Subediting offers up these flashes that enliven the humdrum checking of this and correcting of that. I was listening to a late-night radio programme devoted to the topic of subediting once, one in a series about words and their place in the world, when they interviewed a woman who worked as a subeditor at The Sun. She told how she’d been asked to handle a squib about Scottish men spending more and more money on grooming products. She’d worked her way to the headline ‘Robert the Spruce’ and you could still hear the pleasure she’d found in coming up with that.

Pleasure in subediting seemed to me the attitude to take when I had the chance to write for the Chief Sub column in the Journalist, the magazine of the National Union of Journalists (NUJ).

The then editor, Tim Gopsill, had established the column to shine some light on one of those journalistic skills that could so often be overlooked. His main contributor was Wynford Hicks, author of English for Journalists, which, according to one of the reviews (the one I wrote) is ‘… a jolly useful book. It’s short. It’s accessible. It’s cheap. And it tells you what you want to know.’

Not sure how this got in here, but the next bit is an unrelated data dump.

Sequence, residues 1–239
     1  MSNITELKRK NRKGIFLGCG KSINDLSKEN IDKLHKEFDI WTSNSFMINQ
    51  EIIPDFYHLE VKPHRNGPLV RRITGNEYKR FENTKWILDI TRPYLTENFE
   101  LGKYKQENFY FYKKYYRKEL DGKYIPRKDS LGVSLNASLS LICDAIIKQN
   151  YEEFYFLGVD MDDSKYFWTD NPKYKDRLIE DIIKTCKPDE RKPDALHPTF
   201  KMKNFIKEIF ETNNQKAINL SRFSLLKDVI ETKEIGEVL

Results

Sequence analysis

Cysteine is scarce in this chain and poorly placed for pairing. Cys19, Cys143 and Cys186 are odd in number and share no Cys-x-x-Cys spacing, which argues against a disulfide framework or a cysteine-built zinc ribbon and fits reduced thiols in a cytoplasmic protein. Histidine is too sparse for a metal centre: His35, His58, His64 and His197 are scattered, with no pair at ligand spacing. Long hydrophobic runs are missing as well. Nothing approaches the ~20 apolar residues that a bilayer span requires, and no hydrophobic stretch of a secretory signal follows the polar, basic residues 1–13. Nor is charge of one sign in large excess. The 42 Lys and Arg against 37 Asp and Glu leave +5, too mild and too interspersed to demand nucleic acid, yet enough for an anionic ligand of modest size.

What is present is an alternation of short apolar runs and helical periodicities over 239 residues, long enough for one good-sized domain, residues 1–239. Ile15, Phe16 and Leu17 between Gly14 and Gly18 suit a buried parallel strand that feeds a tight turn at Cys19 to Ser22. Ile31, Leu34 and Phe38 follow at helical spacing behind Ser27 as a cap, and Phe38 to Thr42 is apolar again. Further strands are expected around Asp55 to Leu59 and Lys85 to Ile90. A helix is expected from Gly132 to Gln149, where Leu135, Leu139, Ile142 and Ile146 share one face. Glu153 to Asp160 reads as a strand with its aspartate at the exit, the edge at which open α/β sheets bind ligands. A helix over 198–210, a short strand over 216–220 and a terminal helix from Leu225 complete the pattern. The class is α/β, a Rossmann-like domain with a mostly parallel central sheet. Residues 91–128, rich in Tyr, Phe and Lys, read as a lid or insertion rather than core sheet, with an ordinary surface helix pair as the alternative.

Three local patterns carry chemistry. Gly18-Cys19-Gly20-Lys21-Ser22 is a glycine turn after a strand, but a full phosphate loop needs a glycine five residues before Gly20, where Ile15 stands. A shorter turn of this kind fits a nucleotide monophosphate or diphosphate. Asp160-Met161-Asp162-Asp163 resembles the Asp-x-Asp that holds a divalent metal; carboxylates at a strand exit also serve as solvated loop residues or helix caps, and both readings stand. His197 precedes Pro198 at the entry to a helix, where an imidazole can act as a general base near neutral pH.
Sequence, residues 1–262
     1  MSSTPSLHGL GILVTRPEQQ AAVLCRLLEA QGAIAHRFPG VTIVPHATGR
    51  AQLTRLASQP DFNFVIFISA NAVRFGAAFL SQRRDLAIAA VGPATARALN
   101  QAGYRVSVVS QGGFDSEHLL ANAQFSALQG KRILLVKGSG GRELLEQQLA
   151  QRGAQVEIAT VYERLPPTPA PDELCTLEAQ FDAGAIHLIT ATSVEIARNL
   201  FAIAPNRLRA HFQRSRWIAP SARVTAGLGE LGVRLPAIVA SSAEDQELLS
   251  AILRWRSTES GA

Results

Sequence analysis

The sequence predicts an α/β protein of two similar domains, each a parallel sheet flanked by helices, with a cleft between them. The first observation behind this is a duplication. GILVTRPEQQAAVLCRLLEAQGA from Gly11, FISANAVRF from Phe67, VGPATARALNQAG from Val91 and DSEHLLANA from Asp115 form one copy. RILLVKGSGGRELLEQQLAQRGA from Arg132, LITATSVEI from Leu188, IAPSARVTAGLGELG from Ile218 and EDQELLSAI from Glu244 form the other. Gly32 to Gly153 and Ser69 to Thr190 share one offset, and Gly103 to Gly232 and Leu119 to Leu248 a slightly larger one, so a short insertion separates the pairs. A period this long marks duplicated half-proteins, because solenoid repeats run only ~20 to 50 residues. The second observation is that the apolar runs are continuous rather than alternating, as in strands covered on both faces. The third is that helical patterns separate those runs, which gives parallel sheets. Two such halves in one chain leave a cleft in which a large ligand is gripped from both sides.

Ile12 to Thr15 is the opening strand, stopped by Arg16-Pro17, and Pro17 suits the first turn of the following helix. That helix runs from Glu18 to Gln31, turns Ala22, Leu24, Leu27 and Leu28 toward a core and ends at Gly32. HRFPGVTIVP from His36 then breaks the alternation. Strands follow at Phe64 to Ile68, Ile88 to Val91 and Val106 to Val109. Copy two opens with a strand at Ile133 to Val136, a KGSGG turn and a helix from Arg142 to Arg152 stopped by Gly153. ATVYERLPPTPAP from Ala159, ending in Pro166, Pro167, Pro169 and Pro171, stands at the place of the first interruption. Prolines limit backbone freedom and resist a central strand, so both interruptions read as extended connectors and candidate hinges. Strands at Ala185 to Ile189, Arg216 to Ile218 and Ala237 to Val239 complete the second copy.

I lobbed in an interest in some of the odder byways of subediting, such as the ins and outs (or possibly in’s and out’s) of apostrophes.

I realised that people did actually read the pieces when someone wrote in to say I’d made a mistake. I hadn’t fully understood the intricacies of whether or not London’s Earls Court has an apostrophe. It doesn’t, except for the fact that the station and some of the nearby roads appear to have acquired one. Tim asked me if I had a response, so I was able to see this printed right beside the letter that provoked it: ‘Your reader is right. I was wrong. I am sorry. I will never believe anything I read in the Journalist again.’

Maybe not. But believe these pieces which, in the main, come from the Journalist. You don’t necessarily have to follow all the advice – but you will, hopefully, find that you have learnt a bit about editing and subediting and been entertained along the way.

What do you enjoy most about editing?

Humphrey Evans

Humphrey Evans